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Do You Have Mental Illness And Do You Even Need a Lawyer?

One of the most frequently asked questions is if you need a lawyer if you have a mental illness. The simple answer is that you do not need legal help simply because you suffer from a mental condition. BUT! the world is not a perfect place and unfortunately quite often rights of mental patients are violated. That’s why it never hurts to have a consultation if you think that you’ve been treated unfairly due to your mental illness.

Now another problem that I face with my clients sometimes is that once we start gathering information for the case, it turns out that they do not have a mental condition. That is why I always recommend having a consultation with a medical professional first and once they get diagnosed with one, then start dealing with the legal issues. Before going to a doctor, you can also use the online resources like this one here to learn about the signs of a mental disorder.

Determining which mental illness you have is crucial for the effective legal actions. No matter where you need a help of a lawyer, at work or school, you need at first to know what exactly have you. There are, of course, different types of illnesses from bipolar disorder to depression. It does not matter, however, which one you have as long as you have one. You can use a lawyer in any case.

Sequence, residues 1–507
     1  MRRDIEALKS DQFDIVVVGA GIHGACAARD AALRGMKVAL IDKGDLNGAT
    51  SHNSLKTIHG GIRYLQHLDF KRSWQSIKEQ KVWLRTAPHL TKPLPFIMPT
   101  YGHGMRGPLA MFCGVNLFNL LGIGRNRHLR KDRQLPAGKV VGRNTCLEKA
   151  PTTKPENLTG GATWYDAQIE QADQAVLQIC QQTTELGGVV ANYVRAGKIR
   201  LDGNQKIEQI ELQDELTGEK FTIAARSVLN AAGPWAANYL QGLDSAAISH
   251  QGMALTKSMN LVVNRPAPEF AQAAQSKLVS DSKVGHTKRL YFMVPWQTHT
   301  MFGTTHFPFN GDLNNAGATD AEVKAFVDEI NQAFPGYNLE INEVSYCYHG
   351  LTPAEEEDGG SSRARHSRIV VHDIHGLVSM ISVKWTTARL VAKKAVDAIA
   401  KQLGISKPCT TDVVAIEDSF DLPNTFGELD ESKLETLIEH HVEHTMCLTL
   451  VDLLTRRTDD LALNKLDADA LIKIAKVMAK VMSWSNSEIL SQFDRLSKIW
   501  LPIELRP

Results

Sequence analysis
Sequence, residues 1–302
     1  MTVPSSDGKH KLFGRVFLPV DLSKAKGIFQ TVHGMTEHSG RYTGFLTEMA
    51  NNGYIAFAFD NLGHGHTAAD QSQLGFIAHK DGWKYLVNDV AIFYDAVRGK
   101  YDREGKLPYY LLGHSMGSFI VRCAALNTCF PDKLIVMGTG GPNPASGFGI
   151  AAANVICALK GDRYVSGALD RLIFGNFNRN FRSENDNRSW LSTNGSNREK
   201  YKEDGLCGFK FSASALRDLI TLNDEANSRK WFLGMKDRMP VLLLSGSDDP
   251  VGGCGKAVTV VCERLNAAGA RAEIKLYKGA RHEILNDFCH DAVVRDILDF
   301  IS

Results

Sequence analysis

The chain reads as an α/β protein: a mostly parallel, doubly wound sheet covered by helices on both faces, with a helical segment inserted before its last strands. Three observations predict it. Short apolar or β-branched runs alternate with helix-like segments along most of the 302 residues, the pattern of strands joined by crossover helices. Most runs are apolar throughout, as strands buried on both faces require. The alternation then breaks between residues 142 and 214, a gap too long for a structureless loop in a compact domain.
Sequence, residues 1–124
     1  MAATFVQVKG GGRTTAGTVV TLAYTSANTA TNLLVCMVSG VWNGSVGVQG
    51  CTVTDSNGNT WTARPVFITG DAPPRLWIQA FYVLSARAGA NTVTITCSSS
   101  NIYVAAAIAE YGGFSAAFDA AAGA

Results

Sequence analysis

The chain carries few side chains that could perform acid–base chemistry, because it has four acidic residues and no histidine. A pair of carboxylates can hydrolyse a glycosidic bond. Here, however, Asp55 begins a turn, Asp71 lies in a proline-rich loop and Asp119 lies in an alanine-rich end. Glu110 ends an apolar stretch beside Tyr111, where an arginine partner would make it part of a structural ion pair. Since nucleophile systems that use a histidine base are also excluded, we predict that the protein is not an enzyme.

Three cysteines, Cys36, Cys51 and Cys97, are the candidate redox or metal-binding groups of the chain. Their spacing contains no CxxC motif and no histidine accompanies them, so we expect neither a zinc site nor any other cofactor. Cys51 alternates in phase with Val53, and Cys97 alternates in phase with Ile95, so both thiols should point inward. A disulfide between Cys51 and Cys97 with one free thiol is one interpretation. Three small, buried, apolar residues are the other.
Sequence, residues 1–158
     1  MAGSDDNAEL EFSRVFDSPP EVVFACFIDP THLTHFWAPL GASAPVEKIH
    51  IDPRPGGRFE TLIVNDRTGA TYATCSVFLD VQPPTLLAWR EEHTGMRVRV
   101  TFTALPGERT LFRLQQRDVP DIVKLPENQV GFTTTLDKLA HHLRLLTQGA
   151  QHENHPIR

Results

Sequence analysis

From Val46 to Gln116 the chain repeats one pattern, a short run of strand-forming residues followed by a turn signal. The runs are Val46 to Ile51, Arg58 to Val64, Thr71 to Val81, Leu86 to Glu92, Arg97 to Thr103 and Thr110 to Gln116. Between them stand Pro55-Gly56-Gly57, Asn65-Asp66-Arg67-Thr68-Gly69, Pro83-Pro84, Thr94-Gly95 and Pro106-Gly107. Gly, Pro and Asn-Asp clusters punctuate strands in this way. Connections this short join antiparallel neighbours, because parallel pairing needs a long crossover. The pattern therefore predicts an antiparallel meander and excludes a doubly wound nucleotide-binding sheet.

What are the times when you need an attorney help?

If your mental condition intervenes with your ability to work, you absolutely need to have a consultation with a lawyer. Work-related legal matters are the most common and I’ve written an article about it previously. You can read it here.

If, for example, your boss comes to you and says that you are acting ‘strange’ and you can not work for the company anymore, you have to tell him immediately that you have a mental condition. If that does not change anything and you are still fired, your company broke the law and with the help of a lawyer you can either sue them or get a job back before the case goes to the court.
You can not demand to keep the job or sue the company if you simply think that you have a mental illness, but you have not been diagnosed by the professional. Simply stating that you suffer from mental illness does not make it true. I am not saying that you do not have one, but in the eyes of the law, it is not proven unless a doctor says that you have it.

The same thing applies to education-related cases. I’ve had students calling me for a free consultation (which I offer FYI), claiming that they have an Attention Deficit Disorder and it caused them to fail the class. I am not able to help them, because I can not determine if they really have ADD or not. Sometimes they state that the symptoms that they have read online match with theirs, but again, it is not enough unless a medical professional says so.